EasyPIC v7a double side image

Microcontroller Overview

MCU Card / MCU

PIC18LF45K50

Architecture

PIC

MCU Memory (KB)

32

Silicon Vendor

Microchip

Pin count

40

RAM (Bytes)

2048

Used MCU Pins

mikroBUS™ mapper

NC
NC
AN
Reset
RE1
RST
SPI Chip Select
RE0
CS
SPI Clock
RC3
SCK
SPI Data OUT
RC4
MISO
SPI Data IN
RC5
MOSI
Power Supply
3.3V
3.3V
Ground
GND
GND
Pattern Trigger
RC0
PWM
NC
NC
INT
NC
NC
TX
NC
NC
RX
NC
NC
SCL
NC
NC
SDA
NC
NC
5V
Ground
GND
GND
1

Take a closer look

Schematic

Waveform 4 Click Schematic schematic

Step by step

Project assembly

EasyPIC v7a front image hardware assembly

Start by selecting your development board and Click board™. Begin with the EasyPIC v7a as your development board.

EasyPIC v7a front image hardware assembly
GNSS2 Click front image hardware assembly
MCU DIP 40 hardware assembly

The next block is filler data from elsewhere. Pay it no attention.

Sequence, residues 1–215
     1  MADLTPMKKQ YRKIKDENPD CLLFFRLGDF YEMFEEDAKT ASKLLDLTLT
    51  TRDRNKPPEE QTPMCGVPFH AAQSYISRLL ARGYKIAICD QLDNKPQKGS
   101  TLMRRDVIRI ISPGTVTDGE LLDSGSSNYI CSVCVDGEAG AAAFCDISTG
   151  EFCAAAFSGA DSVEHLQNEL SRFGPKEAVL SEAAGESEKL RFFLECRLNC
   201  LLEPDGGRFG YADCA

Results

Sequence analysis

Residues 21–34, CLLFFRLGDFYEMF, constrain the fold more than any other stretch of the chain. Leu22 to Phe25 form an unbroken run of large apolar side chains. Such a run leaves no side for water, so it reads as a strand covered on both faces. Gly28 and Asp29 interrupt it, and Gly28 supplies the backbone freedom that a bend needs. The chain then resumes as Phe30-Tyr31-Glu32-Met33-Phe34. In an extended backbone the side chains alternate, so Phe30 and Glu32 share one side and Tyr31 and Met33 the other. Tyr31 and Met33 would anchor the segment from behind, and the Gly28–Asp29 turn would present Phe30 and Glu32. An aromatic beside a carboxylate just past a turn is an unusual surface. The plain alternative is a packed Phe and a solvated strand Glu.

GNSS2 Click complete accessories setup image hardware assembly
EasyPIC v7a Access MB 1 - upright/background hardware assembly
Necto image step 2 hardware assembly
Necto image step 3 hardware assembly
Necto image step 4 hardware assembly
NECTO Compiler Selection Step Image hardware assembly
NECTO Output Selection Step Image hardware assembly
Necto image step 6 hardware assembly
Necto DIP image step 7 hardware assembly
EasyPIC PRO v7a Display Selection Necto Step hardware assembly
Necto image step 9 hardware assembly
Necto image step 10 hardware assembly
Necto PreFlash Image hardware assembly

Track your results in real time

Application Output

After pressing the "FLASH" button on the left-side panel, it is necessary to open the UART terminal to display the achieved results. By clicking on the Tools icon in the right-hand panel, multiple different functions are displayed, among which is the UART Terminal. Click on the offered "UART Terminal" icon.

UART Application Output Step 1